Written by Brendan Howe.
Since the turn of the millennium, Liberal Democratic Party (LDP) leaders of Japan have promoted the notion of Japan as ‘normal nation’. LDP Prime Ministers Junichiro Koizumi and Shinzo Abe, in particular, have both called for Japan to control its own independent armed forces and participate robustly in, and even lead, international operations. These two conservative politicians have also enjoyed success at the polls. As far back as 2005, Alan Dupont claimed that not only was Japan moving away from its pacifist past towards a more hard-headed and outward-looking security posture, but also that this shift was gaining momentum, was palpable, and was irreversible.
Since coming to power a second time in 2012, Abe has frequently reiterated his revisionist stance and pursued policies aimed at achieving its goals, including, but not limited to, removal or dramatic reinterpretation of Article 9.
The major obstacle to such ‘normalisation’ has been Japan’s 70-year-old constitution. The so-called ‘pacifist’ Article 9 states that “the Japanese people forever renounce war as a sovereign right of the nation and the threat or use of force as means of settling international disputes”, and that “land, sea, and air forces, as well as other war potential, will never be maintained.”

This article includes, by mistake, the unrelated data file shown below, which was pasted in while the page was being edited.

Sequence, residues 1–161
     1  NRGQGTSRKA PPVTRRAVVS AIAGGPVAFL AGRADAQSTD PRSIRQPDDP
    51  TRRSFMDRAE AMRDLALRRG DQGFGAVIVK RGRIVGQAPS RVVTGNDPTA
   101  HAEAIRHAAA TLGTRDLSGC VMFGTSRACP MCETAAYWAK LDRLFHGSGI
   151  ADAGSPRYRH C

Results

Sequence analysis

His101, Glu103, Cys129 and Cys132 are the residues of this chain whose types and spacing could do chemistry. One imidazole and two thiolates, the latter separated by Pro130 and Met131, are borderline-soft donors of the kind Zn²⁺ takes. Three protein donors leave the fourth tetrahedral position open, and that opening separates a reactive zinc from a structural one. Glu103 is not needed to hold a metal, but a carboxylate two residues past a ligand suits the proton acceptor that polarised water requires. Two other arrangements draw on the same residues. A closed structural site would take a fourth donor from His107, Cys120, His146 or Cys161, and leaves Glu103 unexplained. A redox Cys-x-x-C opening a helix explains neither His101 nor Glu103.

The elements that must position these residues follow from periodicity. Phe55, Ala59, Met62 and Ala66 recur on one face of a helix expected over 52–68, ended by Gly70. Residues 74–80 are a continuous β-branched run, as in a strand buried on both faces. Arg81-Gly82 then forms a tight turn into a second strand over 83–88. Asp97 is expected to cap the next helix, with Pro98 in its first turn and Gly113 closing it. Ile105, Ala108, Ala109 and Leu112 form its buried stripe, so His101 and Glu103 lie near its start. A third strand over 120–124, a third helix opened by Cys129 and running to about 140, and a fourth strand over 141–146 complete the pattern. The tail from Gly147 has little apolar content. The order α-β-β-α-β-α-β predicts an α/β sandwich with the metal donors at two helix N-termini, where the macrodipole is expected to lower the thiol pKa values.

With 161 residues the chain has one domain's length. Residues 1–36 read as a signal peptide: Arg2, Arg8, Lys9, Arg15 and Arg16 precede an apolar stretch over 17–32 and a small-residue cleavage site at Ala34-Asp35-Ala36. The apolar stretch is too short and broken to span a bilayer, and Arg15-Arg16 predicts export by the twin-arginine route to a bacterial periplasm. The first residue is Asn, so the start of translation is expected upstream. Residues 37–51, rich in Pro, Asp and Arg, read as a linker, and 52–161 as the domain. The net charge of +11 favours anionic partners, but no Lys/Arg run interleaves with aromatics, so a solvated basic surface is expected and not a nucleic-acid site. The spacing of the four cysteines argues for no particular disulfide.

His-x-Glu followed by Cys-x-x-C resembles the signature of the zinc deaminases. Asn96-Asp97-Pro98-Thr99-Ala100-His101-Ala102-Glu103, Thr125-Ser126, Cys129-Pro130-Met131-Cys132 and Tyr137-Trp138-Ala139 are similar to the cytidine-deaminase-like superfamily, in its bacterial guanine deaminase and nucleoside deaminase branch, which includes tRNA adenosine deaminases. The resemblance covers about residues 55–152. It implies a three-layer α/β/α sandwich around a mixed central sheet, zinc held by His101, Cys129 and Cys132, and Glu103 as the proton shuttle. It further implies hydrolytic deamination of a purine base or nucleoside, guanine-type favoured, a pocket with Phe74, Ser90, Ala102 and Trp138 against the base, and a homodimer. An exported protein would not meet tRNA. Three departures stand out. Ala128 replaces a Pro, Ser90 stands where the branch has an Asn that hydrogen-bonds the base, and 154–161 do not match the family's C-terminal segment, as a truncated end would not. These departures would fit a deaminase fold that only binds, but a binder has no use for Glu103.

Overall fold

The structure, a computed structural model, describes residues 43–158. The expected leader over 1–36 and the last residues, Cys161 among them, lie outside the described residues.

Since Prime Minister Shinzo Abe took power in 2012, there has been a great deal of interest and concern about the likelihood of constitutional revision.
Abe has in fact served as Prime Minister twice, with his first time in the hot seat lasting just a year from September 2006 to September 2007. However, even before coming to power the first time, Abe’s views on constitutional revision were well known.
In August 2006, he suggested that a first strike by Japan to pre-empt an attack could be viewed as ‘self-defence.’ Upon winning the 2006 election, he further called for a permanent seat on the UN Security Council, the revision of Article 9, and “a new diplomacy under which Japan at times takes leadership and asserts opinions to set the world’s rules.”
In 2007 the Abe government also upgraded the Defence Agency (formerly under the Cabinet Office) to a full ministry for the first time since World War II, giving the military a greater profile, budgetary powers, and prestige. Abe at the time noted: “We have shaken off the post-war regime, and this marks a big step forward and a foundation of nation-building.”
Since coming to power a second time in 2012, Abe has frequently reiterated his revisionist stance and pursued policies aimed at achieving its goals, including, but not limited to, removal or dramatic reinterpretation of Article 9. In September 2015, Abe forced two contentious security laws through the Japanese National Diet that have been heralded as marking an historic change in Japan’s pacifist post-war defence posture. In theory, the new legislation lifts the ban on collective self-defence, allowing Japan to defend its allies, even when not under attack itself.
Now in 2017, Abe has grown increasingly vocal about revision. On 26 April, he spoke in detail to the Yomiuri Shimbun newspaper about his vision and timeline for constitutional revision. He also delivered a pre-recorded video message on the subject to a gathering of the conservative nationalist group Nippon Kaigi.